Is teaching a lesson the same as cooking a meal on Masterchef: The Professionals? Whether it is or it isn’t, Adam Boxer has few useful takeaways…

I’ve always liked eating, and when I first moved out I had to cook by necessity. It was a means to an end. At the start, I didn’t particularly enjoy it, but in the pursuit of ever-nicer food I’ve tried to learn more and get better at food preparation, and now find I quite enjoy the process of putting together a handsome meal.

Part of learning more” has been watching Masterchef: The Professionals. It’s pretty intense, and unlike other cooking and baking shows it isn’t light-hearted fun. It’s serious, but excellent TV. Top-chefs Marcus Wareing and Monica Galetti put professional chefs through their paces via a series of gruelling challenges, assessing their culinary skills, knowledge and creativity all the while.

At times, it feels a lot like teaching. There are explanations, guided practice and formative and summative assessments. Being an enormous edu-nerd, I can’t help but try and figure out, while watching it, if there’s anything I can translate into my practice. Of course, the settings aren’t quite the same, so perhaps take my findings with a pinch of salt (cough).

Wood -> trees -> wood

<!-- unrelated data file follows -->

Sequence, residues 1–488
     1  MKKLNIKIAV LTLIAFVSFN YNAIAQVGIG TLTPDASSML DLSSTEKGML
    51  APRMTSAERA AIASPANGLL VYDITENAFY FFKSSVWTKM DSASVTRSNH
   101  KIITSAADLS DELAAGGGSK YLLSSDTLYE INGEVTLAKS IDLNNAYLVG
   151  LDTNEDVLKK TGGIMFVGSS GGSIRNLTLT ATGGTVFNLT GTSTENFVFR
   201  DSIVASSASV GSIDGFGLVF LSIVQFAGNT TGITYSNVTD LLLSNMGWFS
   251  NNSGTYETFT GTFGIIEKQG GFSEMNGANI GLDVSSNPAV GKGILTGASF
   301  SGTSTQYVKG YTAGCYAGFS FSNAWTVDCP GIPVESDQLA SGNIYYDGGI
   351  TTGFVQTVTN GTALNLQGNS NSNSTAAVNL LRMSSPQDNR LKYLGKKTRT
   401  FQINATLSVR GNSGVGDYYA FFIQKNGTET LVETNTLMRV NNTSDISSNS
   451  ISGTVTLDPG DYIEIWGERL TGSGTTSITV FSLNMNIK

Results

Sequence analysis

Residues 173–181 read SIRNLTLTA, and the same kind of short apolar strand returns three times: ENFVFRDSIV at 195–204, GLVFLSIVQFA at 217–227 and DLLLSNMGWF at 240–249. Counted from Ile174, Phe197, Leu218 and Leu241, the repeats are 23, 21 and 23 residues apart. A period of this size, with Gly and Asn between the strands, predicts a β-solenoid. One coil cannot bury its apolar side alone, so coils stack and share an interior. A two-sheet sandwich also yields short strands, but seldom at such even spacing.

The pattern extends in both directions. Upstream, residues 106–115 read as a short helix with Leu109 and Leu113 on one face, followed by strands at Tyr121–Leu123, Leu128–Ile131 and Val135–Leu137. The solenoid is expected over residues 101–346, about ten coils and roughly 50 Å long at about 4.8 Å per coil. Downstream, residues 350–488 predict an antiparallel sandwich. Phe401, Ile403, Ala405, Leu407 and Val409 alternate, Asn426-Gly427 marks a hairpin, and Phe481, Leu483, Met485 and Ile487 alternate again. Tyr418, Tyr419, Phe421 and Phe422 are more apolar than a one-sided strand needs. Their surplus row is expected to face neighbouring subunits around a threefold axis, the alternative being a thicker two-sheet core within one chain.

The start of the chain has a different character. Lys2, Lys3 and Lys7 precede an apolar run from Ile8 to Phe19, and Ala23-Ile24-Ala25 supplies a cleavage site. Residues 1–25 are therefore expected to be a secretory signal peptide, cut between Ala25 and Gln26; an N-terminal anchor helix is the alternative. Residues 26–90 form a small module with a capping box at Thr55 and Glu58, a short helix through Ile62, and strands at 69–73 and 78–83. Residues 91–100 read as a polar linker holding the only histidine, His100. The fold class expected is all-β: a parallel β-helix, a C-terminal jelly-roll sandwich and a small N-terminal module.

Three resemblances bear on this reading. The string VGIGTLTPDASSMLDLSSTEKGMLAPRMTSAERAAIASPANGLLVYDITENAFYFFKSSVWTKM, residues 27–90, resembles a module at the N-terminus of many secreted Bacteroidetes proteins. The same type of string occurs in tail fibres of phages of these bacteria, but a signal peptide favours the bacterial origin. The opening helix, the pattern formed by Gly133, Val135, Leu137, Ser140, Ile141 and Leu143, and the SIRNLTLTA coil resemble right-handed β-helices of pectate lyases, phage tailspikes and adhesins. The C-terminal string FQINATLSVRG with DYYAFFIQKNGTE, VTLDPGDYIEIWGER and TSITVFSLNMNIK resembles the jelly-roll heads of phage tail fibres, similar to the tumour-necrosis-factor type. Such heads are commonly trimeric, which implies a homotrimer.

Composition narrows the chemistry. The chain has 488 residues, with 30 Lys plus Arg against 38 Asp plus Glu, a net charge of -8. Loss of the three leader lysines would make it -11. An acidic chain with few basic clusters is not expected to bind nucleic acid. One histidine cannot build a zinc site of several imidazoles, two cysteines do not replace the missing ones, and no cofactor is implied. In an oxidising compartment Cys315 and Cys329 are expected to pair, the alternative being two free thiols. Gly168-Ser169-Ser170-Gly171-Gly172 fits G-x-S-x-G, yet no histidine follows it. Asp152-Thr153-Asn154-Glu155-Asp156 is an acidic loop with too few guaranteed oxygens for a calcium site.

The first challenge the chefs undergo is the technical test, where they are given ingredients and told to prepare an unfamiliar dish (ever heard of andaluz soup or sauce maltaise?). Before this, one of the presenters makes the dish so viewers can see what it is supposed to look like. A small nuance in the show’s production is that before the presenters start preparing, they show you a picture of the finished version. So it goes finished version -> presenter prepares -> finished version.

This nuance is an extremely important detail: when we are watching an explanation or demonstration of something unfamiliar, we can often feel lost and unsure of exactly what is going on, because we don’t understand the bigger picture. In the classroom, we often delve into the details of an explanation, forgetting that our students aren’t as conversant with the big picture as we are, and they can easily lose the thread and get lost in the details.

I refer to this as losing the woods for the trees, where the woods is the big picture, and the trees are the details that make it up. The woods are important because they help give a sense of purpose and overall structure, so when explaining something I like to briefly talk about the big idea or concept, followed by a drill down into the details, after which I pull out again to revisit the bigger picture: wood -> trees -> wood.

The panic and the calm-down

The participants are in an extremely high-stress environment, with chefs given exacting time limits and plenty of complex variables to keep them in a prolonged state of heightened anxiety. In one episode, an otherwise very competent chef was basically freaking out, chucking the food on the plate, completely losing his train of thought, and just doing weird things. At this point, one of the presenters stopped him, calmed him down, helped him refocus and the chef got his head back in the game and got back to preparing his food purposefully and systematically.